Semicon Industry – Between a rock and a hard place – The Editor

If one were to meet the ten odd start ups that the Indian Semiconductor Association (ISA) had short listed for their awards recently, it would be naïve not to notice that none of these companies are VC funded. These start ups are providing high end services or making products for exciting high growth sectors such as consumer electronics, the automobile industry, healthcare and the telecommunications industry. Then one would wonder why VCs or PEs are shy of this space?

We at Viedea figure that the problem is neither in the ideas nor is it in the realm of funding. The problem the way we see it is in two areas; firstly semiconductor companies, by nature of their work, will not be able to scale up their revenues in quick time because their work is too focused on a particular industry. The R&D itself takes three years to deliver a quality chip or IP and it becomes difficult to predict success of the product in the market. Secondly there are not many Indian products that sell on a very large scale, currently, to provide a ready market for the semiconductor industry.

The eco-system of semiconductors is filled with chip manufacturers (fabless), Core IP designs on chips, Electronic Design Automation (EDA) tool providers, embedded systems companies, OEM’s and finally product brands like Apple, Samsung and the lot. No one knows the size of the semiconductor industry in India because the word semiconductor encompasses a large space and is evolving. Yes everyone is betting big on solar, but anyone who has seen the fab-city in Hyderabad will see how nothing has come out of it.

Let us come down to an example, six or seven years ago a Bangalore based company called Smart Yantra, which developed software IP in the MPEG space, was bought over by US based Genesis Microship Ltd for US $ 6 million, almost 6 times Smart Yantra’s revenue. While the deal was reasonable for a company whose revenues were of that size, the industry in India will typically see more acquisitions than fund raising for at least the next 5 years. Many of these Indian start ups have been riding on the recession wave that hit USA and Europe. There are a few players that are betting big on making their own chips and are servicing the consumer electronic space in the West. The problem is whether these guys can reach the critical mass in production and revenues even with the help of funding. This is highly unlikely as there are many such companies across the world, especially in China, where IP development is outsourced to. Unless there is demand for home grown products, but is a risky affair because of the nature of high volume low margin business in Indian retail. This typically means these companies will be bought out by bigger fish such as a TI or ARM or Analog Devices. We predict that not many will generate great buy out stories like Sling Media. Remember them! This company developed the software and hardware for ‘placeshifting’ media was bought over by Echostar for 13 times its revenues’, the deal size was estimated to be $ 380 million.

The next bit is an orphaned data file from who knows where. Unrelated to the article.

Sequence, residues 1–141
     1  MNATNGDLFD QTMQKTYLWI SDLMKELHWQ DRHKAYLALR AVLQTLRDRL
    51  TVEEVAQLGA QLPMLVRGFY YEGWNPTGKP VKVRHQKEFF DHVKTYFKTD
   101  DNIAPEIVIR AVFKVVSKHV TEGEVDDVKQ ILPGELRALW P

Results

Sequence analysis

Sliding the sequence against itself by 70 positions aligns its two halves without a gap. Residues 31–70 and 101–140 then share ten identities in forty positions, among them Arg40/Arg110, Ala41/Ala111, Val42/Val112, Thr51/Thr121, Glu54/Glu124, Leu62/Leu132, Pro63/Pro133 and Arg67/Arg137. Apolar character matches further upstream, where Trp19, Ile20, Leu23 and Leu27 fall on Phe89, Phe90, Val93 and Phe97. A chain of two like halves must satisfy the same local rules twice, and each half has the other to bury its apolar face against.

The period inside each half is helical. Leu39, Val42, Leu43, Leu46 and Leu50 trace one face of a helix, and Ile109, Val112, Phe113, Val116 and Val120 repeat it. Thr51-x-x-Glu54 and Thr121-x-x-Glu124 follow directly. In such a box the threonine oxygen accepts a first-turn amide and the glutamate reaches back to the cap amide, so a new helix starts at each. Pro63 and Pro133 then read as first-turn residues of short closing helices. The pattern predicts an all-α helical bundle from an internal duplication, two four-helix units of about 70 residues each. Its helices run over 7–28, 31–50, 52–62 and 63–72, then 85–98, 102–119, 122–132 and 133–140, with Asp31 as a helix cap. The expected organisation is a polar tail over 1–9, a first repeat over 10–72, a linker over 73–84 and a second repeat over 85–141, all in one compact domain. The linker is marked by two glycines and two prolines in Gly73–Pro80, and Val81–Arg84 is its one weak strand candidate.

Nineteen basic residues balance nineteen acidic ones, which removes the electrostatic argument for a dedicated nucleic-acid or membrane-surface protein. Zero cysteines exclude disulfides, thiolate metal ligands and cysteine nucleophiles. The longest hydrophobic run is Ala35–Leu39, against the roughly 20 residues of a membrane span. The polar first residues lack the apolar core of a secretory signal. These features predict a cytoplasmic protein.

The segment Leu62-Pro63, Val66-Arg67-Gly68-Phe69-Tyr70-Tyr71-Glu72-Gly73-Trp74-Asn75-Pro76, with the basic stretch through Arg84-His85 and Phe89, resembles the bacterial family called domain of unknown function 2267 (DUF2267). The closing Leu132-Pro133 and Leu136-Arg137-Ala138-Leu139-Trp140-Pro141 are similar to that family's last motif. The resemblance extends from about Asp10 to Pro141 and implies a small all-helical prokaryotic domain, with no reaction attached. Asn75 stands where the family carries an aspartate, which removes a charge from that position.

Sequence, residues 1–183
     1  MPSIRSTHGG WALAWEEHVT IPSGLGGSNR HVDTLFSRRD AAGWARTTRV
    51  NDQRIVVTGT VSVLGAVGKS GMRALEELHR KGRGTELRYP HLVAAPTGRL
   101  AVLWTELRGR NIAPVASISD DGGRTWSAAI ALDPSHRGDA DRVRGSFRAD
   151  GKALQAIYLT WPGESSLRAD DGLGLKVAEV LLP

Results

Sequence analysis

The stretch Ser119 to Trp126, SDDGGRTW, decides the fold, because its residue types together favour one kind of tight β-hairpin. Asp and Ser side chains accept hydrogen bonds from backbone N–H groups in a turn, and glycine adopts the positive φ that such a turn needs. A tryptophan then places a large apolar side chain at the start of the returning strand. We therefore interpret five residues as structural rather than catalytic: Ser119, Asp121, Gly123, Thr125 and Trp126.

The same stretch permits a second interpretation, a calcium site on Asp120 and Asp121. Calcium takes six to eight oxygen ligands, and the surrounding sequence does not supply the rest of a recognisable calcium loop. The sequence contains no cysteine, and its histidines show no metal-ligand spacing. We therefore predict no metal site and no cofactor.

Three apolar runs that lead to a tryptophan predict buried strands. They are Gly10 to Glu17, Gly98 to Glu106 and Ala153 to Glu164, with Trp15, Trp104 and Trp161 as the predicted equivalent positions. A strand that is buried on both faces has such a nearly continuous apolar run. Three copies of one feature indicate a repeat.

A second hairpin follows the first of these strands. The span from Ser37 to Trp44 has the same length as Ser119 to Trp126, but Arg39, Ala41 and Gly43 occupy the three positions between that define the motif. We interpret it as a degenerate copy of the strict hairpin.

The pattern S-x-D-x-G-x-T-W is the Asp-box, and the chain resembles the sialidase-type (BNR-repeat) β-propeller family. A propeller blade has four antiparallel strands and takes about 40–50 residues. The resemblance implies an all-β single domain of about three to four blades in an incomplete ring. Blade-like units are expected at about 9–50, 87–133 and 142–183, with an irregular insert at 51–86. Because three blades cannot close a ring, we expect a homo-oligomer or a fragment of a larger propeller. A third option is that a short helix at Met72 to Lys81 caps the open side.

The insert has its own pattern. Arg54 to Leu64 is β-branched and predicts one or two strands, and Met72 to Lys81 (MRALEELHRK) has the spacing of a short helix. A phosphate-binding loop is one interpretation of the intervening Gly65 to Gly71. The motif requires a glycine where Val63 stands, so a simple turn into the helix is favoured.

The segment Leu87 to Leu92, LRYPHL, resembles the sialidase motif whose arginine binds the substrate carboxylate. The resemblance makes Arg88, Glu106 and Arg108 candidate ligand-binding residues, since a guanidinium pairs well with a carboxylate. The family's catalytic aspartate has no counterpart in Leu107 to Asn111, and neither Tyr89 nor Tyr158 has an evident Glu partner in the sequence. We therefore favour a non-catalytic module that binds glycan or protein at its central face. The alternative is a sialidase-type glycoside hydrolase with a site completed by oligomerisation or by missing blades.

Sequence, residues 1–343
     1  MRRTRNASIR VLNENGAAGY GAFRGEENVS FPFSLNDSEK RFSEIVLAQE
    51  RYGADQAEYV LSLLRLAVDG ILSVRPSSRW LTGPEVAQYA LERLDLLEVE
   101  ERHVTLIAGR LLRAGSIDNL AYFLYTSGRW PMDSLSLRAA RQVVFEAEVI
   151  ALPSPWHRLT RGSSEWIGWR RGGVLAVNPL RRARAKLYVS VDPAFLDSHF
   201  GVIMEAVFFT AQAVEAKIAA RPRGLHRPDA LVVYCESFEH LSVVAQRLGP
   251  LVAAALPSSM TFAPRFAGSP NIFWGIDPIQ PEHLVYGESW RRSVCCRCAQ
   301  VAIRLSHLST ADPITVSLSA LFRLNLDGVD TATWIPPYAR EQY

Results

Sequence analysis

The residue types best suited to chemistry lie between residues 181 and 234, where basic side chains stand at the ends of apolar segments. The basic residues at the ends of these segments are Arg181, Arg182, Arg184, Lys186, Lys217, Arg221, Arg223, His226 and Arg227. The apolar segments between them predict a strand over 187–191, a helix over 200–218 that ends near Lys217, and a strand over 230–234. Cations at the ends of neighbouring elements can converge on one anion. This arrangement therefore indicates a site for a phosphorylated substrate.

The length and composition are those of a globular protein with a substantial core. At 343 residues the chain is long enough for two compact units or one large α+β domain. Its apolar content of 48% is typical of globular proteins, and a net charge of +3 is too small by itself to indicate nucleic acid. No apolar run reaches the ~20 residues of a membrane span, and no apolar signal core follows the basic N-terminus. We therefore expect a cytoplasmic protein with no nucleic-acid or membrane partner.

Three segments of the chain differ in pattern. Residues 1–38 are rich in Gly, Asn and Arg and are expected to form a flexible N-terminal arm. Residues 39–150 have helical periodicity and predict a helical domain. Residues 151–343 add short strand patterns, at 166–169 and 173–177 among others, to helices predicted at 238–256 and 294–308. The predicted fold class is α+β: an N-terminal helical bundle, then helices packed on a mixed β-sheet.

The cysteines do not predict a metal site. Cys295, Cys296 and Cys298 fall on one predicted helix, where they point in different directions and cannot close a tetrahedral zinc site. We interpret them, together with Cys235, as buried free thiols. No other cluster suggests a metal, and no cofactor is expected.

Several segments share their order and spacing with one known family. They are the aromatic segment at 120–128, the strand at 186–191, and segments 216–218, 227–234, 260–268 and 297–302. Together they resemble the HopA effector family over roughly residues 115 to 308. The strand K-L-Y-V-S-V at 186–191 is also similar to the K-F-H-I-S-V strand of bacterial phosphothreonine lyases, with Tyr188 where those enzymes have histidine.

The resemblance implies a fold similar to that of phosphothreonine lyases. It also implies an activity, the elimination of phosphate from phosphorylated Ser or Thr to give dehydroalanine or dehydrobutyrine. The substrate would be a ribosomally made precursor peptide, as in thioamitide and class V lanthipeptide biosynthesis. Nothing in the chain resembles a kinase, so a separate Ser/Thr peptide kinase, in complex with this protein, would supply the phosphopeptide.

Developing core IP has always been the strength of our entrepreneurs and yes they can venture in to making their own products because there is a need for Indian based problems such as healthcare, telecommunications and energy solutions. May be this will be big in 10 years. However from the experience of Tejas Networks, which realizes now, that 10 years after its operations its revenues are yet to touch Rs 1000 crore. It is now actively seeking dollar revenues to increase top line. We at Viedea expect that raising money will be difficult for semiconductor companies, but the space will see a lot of M&A activity going forward.

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About Deepak
Venture Capital and M&A advisor, Entrepreneur, Startup enthusiast..

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